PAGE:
(We had a rare snow day here last week!)
Just an update here to celebrate that the seven-year-old finished all the lessons in Teach Your Child to Read in 100 Easy Lessons. I’m really proud of him, and I can sense that he’s become more confident and has a different feeling toward learning how to read. Though sitting down to do his lessons is not his favorite thing to do, I think he’s excited to gradually be able to comprehend the written word.
Not much but a little…I have noticed him reading on his own without being asked to. Once he sat down with me at my computer as I was writing my column, and he read a sentence that I had written!
So where do we go from here?
Well, Teach Your Child to Read in 100 Easy Lessons has a list of books that they recommend starting with, and they offer a word list to go over with the child before they attempt read it. The first few books, I have discovered, are so easy that I’m skipping some of them, but I’ve ordered some of the others from the interlibrary loan system.
While we wait for those, I’m also using something else:
I inherited a Hooked On Phonics set from my aunt who is a retired elementary teacher. She had passed it on to her sister when she retired in case she wanted to use it with her grandchildren, and she never did, so that aunt asked me if I wanted it. Though I’ve heard some criticism of Hooked On Phonics, I never pass on something that is free, so I took it. It’s a huge set, and as soon as I laid my eyes on it, I thought it was too intimidating, and I probably wouldn’t use it. But my son walked into my room as I was looking through it. There are workbooks, tapes, etc. that I will probably never use. (But never say never!) Then there are these single-page, folded workbooks with just a small piece of fiction or non-fiction on them and some comprehension questions. There must be a thousand of them, and they go from 1st grade level up to college level reading!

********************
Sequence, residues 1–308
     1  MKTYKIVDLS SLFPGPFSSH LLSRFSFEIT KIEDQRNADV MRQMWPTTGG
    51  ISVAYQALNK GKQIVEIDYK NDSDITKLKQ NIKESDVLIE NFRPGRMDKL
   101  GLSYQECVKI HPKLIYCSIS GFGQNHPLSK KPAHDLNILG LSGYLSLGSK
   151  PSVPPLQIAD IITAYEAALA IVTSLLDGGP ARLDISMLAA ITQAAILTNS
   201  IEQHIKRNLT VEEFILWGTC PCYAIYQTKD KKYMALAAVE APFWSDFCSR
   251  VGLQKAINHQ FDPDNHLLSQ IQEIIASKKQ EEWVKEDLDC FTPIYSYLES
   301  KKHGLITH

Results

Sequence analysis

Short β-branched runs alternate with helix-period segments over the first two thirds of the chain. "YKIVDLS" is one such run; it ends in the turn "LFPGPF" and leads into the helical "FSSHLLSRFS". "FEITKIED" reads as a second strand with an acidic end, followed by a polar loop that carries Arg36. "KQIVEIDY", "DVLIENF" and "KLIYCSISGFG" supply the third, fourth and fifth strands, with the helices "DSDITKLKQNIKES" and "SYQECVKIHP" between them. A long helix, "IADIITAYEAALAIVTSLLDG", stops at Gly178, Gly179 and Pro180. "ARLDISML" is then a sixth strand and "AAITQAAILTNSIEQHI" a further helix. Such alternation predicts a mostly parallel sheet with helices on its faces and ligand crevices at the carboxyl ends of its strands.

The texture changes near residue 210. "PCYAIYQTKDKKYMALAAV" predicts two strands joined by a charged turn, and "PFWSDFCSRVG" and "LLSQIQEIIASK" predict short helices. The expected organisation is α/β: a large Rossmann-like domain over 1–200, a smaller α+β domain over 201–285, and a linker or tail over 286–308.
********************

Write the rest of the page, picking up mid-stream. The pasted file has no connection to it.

Though I wasn’t sure what I was going to do with it, I told my son I was probably going to give the set away. My son wanted to see it. (Maybe the fact that I said I was going to give it away made it more inviting?!) He wanted to see those single-page workbooks, and I said casually, “You wanna try to read these?” He tried reading the first one, and he read it just fine. He said after we finished 100 Lessons, he wouldn’t mind working on these. Who woulda thought?
So that’s what we’re going to do. We’re just going read these little passages (that get bigger as the level gets higher). Before he reads them, I have been typing up a list of words that I think may be hard for him, and we go over them. Armed with those words, he’s been able to read the passages very well, and they make a short and sweet lesson.
At some point he may get bored with these, but I’m hoping by then, he’ll be well on his way into reading books of his own choice.
(I know my aunt is probably reading this, so THANK YOU FOR THE HOOKED ON PHONICS SET!)